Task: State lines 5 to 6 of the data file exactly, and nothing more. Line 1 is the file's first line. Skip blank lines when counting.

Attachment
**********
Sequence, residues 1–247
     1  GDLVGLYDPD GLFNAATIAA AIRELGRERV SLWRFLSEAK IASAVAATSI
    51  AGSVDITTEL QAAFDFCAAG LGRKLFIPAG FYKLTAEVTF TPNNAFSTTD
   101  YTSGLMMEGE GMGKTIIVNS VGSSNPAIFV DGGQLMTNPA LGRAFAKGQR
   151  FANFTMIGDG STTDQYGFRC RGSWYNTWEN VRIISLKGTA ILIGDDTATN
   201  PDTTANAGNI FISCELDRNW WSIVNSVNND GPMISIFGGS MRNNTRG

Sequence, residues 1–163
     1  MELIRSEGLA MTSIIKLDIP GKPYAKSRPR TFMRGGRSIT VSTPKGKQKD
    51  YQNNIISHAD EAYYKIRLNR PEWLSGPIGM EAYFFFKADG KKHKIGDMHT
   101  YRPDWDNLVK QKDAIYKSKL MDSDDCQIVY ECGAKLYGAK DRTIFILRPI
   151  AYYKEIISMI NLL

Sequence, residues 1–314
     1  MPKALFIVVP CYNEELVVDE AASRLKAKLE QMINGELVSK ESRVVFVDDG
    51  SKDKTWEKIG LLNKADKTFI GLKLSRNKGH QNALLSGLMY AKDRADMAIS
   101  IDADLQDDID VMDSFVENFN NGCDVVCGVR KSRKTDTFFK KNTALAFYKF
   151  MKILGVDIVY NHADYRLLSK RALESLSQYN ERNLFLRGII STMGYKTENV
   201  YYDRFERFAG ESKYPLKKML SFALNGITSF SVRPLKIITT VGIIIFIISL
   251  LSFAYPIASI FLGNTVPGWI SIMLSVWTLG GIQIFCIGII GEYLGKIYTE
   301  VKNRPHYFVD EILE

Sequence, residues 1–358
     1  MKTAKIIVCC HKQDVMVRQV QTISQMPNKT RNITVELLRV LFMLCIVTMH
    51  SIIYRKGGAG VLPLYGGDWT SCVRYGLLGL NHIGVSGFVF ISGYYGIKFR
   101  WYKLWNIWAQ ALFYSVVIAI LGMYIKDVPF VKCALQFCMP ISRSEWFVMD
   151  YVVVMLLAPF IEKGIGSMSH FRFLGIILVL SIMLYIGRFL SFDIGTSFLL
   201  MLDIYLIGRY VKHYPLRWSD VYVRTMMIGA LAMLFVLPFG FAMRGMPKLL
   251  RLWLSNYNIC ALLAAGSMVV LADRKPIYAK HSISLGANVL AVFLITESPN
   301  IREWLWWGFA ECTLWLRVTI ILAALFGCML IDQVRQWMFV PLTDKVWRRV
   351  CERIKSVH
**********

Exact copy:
   151  FANFTMIGDG STTDQYGFRC RGSWYNTWEN VRIISLKGTA ILIGDDTATN
   201  PDTTANAGNI FISCELDRNW WSIVNSVNND GPMISIFGGS MRNNTRG